There are many opportunities to share in the beauty of different faith traditions that may exist within one family. There is no reason why sharing your in-laws traditions would end up being confusing to your daughter. It is, in fact, an opportunity to teach her the Jewish ideal about the love of family and how wonderful healthy relationships with family can be when honored from both sides. Writes Rabbi Don Rossoff, "Just as Christians can share in a Passover seder with the Jewish side of the family without it being their holiday, Jews can share in Christmas with the Christian side of the family without it being their holiday."

Another analogy which is often used in this scenario is to talk about it the way we explain someone else’s birthday. Just because it isn’t your birthday, there is no reason not to celebrate someone else’s special day with them - and we hope there will be chances for them to share and celebrate with us, either for a birthday, or perhaps for a Jewish holiday allowing you to teach them as well.

 

Answer By: 
Rabbi Peter J. Haas

"I understand that my Jewish faith comes by way of my mother and not my father. If this is true, why do we trace our heritage through Abraham and not Sarah? I have a Jewish mother and a Christian father. What am I?"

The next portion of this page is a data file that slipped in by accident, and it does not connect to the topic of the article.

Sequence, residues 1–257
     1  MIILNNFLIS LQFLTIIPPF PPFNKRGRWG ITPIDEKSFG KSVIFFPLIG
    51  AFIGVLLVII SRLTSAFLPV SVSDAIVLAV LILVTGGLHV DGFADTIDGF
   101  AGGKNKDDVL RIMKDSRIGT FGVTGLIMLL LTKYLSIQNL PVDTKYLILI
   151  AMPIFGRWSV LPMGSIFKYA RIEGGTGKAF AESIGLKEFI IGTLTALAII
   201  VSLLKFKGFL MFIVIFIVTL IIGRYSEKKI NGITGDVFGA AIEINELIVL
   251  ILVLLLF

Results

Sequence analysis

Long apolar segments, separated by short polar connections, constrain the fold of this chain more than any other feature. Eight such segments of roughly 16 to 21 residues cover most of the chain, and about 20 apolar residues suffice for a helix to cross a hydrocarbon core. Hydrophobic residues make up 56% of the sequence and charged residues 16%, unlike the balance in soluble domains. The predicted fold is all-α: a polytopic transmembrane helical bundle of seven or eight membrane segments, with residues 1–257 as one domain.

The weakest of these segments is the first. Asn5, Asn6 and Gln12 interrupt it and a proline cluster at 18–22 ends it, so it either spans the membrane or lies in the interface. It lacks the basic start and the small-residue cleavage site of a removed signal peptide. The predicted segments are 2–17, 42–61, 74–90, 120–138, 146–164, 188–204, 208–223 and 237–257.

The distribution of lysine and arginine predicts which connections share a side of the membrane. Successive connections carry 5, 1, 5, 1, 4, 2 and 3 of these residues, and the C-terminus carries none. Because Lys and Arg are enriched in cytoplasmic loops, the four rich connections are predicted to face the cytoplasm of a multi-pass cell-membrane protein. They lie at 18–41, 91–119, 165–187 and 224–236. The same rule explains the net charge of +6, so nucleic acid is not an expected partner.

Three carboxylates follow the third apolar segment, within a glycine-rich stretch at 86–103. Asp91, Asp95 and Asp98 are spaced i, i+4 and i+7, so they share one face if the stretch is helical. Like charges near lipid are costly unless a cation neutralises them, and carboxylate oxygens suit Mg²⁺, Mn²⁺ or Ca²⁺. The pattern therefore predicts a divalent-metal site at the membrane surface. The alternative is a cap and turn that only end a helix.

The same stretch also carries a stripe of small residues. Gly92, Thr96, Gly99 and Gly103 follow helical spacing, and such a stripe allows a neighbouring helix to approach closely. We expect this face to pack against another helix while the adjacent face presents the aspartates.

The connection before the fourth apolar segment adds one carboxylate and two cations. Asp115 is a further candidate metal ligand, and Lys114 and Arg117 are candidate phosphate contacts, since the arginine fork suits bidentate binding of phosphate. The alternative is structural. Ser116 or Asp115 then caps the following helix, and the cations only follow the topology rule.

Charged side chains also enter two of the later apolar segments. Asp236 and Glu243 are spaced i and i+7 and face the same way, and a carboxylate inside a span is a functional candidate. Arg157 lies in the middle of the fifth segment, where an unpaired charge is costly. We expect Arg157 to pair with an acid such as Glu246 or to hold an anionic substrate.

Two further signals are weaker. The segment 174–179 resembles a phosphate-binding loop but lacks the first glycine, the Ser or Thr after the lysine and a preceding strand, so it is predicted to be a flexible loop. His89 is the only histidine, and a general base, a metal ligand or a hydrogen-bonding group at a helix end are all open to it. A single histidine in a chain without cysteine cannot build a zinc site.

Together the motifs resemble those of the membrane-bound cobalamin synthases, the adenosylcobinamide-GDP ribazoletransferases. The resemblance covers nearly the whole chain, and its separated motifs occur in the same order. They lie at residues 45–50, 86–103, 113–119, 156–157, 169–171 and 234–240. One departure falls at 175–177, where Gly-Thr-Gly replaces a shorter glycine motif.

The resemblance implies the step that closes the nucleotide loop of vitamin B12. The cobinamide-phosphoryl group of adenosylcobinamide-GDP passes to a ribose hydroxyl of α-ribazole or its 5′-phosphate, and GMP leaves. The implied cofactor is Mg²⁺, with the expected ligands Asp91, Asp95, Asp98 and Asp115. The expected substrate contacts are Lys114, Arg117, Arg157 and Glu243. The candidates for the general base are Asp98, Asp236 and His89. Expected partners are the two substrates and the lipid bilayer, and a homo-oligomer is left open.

As you may know from watching the news, the issue of who is a Jew is a hotly debated one nowadays. There is no simple answer.

Traditionally, the definition is a double one. Your status as a Jew depended on the status of your mother: if she was Jewish you were Jewish and so on. But your tribal affiliation (Priest, Levi, Benjaminite, Judean,...) was determined by the father. Why matters evolved this way is entirely unclear. These laws as such are spelled out fully only in the time of the Mishnah (around 230 CE). It is not necessarily the case that these laws were in operation in just this way back in Biblical times, let alone the time of Abraham. The question is moot in any case since both Abraham and Sarah were "Jewish."

In 1983, the Reform Jewish Movement decided that it would accept as Jewish anybody who has one Jewish parent (i.e. mother or father) and who was raised Jewishly. This policy of "patrilineality," as it is called, is one of the points of disagreement between traditional and Reform Judaism since some people can now be considered Jewish by one movement but not the other. If the person in question is a woman, then the disputed status would presumably be carried forward into the next generation, etc.

As to your case, because your mother is Jewish, you would be considered Jewish according to halacha (Jewish law), and so by all Jews (unless you openly declared otherwise). If you consider yourself a Christian, say, and act accordingly, then you would be considered a Christian by Reform, but as a bad Jew by the Orthodox!

In the end, there is no universally agreed upon answer among Jews, and in some cases other groups have other answers entirely.